Photos and images from the
walls of Pioneer Courthouse
Joseph Lafayette Meek
Legendary fur trapper Joseph Lafayette Meek was born in Washington County, Virginia, in 1810 and died in Washington County, Oregon, in 1875. Packed into those 65 years was an illustrious career as a trader and guide, pioneer, sheriff, Oregon’s first census taker and tax collector, provisional government legislator, and delegate to the nation’s capital to secure aid to fight the Cayuse Indians following the “Whitman Massacre.” Upon his arrival in Washington, D.C., and in his oft-grandiloquent fashion, he announced himself “Envoy Extraordinary and Minister Plenipotentiary from the Republic of Oregon to the Court of the United States.” While Meek was in Washington in 1848, and in response to his energetic lobbying efforts, Congress admitted Oregon to the union as a territory. He was appointed Oregon’s first United States Marshal by President James Polk, whose wife was Meek’s cousin, and the stand-up desk he used while holding this office remains in the courthouse. The former mountain man accompanied the new territorial governor, Joseph Lane, back to Oregon. Thrice married to Indian women, he retired in 1855 near Hillsboro, where he farmed for the remainder of his life. OrHi 3474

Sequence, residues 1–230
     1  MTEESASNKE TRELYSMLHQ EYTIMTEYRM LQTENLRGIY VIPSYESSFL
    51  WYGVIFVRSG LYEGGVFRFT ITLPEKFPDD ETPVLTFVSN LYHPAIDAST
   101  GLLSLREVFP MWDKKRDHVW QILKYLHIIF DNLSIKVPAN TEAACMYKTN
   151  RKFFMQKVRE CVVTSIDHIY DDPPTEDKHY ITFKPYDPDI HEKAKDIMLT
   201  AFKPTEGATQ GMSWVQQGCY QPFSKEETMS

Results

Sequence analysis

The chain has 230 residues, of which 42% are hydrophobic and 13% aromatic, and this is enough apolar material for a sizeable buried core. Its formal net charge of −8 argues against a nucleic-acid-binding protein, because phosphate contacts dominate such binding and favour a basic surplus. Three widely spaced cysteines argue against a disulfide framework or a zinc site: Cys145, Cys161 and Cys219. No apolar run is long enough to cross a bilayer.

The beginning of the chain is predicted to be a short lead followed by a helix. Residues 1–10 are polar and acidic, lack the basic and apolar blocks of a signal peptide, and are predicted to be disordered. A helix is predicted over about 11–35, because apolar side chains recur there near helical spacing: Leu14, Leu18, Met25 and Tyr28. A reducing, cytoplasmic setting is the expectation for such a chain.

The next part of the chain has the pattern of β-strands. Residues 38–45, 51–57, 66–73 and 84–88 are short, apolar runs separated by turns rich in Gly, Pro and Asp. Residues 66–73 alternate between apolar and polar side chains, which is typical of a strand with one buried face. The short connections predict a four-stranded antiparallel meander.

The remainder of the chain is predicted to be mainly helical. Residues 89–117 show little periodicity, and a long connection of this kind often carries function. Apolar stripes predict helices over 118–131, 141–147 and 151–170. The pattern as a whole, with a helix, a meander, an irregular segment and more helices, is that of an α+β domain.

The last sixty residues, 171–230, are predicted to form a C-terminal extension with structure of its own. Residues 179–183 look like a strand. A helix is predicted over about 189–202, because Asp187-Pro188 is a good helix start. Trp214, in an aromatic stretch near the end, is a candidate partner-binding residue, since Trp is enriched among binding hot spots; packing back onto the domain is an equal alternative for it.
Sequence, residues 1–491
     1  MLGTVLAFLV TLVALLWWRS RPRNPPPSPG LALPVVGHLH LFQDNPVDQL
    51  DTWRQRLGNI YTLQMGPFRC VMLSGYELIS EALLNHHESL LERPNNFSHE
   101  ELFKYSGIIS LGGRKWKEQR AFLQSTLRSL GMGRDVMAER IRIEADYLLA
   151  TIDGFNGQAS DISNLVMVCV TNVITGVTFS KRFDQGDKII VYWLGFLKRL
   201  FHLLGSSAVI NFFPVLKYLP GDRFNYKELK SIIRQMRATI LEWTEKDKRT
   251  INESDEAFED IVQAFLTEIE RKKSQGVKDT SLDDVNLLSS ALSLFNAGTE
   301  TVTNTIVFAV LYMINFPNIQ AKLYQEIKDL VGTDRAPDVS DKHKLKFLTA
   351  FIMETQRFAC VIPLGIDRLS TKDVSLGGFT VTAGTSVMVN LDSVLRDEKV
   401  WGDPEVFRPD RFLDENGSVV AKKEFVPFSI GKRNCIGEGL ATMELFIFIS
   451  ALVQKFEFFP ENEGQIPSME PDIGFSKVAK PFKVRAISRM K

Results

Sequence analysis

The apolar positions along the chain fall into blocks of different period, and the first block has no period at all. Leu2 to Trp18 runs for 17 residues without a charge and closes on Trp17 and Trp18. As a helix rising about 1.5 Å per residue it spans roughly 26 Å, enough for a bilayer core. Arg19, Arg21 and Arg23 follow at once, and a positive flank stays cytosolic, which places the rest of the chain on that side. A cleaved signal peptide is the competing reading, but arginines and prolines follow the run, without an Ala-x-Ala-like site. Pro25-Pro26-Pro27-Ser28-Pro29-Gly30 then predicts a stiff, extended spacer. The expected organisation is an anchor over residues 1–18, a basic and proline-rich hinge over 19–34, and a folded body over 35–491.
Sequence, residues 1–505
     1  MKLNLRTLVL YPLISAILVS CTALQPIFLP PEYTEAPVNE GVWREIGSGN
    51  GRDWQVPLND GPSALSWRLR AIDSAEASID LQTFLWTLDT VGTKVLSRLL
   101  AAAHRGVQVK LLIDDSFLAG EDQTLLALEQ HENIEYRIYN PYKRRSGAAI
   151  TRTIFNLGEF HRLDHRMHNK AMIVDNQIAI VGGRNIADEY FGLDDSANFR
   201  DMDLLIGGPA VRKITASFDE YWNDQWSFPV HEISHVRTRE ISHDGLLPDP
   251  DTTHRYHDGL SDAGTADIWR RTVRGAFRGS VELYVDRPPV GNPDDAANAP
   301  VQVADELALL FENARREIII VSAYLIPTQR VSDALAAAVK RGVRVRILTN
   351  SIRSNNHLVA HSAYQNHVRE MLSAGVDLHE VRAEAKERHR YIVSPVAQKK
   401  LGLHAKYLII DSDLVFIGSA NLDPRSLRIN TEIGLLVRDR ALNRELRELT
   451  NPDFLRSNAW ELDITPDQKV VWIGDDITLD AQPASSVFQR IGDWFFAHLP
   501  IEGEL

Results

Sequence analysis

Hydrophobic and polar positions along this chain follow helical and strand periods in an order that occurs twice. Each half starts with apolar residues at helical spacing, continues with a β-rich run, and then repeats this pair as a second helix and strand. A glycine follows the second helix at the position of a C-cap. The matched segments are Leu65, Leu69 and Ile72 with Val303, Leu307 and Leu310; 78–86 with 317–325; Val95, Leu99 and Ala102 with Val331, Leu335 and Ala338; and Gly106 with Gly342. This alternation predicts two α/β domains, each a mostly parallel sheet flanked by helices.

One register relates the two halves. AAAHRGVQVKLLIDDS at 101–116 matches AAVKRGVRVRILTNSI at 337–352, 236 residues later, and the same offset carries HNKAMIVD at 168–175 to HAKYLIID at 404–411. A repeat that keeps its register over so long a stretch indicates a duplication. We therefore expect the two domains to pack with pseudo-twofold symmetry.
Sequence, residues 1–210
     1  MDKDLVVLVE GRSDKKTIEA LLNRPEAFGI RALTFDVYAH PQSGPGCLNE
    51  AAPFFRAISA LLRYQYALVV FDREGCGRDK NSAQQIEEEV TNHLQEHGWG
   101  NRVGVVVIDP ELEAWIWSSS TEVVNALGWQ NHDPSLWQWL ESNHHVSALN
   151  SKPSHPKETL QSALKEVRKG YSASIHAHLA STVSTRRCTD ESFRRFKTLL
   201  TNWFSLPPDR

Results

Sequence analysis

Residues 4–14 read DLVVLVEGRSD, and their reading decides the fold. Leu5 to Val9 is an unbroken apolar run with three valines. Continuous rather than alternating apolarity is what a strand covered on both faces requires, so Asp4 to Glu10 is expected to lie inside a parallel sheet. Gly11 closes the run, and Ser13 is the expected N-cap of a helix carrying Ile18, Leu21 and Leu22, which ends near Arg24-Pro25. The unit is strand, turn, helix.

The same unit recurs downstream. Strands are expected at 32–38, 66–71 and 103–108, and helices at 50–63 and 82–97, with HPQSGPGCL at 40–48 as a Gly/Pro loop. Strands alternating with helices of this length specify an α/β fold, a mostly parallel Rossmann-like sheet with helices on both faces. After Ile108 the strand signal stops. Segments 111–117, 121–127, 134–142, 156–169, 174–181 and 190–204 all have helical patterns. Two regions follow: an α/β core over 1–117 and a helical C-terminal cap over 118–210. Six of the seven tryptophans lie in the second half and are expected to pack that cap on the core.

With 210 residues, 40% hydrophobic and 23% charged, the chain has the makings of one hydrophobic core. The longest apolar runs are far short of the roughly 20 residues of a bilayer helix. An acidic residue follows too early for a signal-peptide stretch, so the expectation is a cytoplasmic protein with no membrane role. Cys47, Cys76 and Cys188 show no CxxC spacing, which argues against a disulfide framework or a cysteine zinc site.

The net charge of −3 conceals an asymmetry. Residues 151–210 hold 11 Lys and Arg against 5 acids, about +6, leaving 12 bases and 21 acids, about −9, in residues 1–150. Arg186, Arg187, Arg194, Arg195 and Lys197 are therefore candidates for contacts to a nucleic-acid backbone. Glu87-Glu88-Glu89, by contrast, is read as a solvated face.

William Ball Gilbert
Born and raised in Virginia and the first Oregonian appointed to the Ninth Circuit, William Ball Gilbert was a descendant of the illustrious Colonel William Ball, who emigrated from England in 1650 and was the grandfather of George Washington’s mother, Mary Ball. The Gilbert family did not share the Confederate sympathies of other Virginia families and Gilbert’s father relocated to Ohio before the Civil War began. After graduating from Williams College in 1866, the younger Gilbert accompanied a scientific expedition to the Upper Amazon, then spent two years on a geological survey in Ohio. Leaving science behind him, Gilbert obtained his law degree from the University of Michigan and, in 1873, moved to Portland, Oregon, his home for the remainder of his life. Appointed in 1892 by President William Henry Harrison, Judge Gilbert was the ranking judge in the Ninth Circuit for nearly 35 years and his opinions were to span almost 300 volumes of the Federal Reporter (reports of federal appellate proceedings). Industrious and apparently possessed of great charm, Gilbert was very much a 19th-century man, though he lived more than a third of his life in the 20th century. He refused to ride in an automobile and his “passion for inconspicuousness” extended to never carrying a bundle on a streetcar, “fearing to attract attention.” Judge Gilbert’s opinions on many cases during his decades on the court contributed significantly to the development of Ninth Circuit law.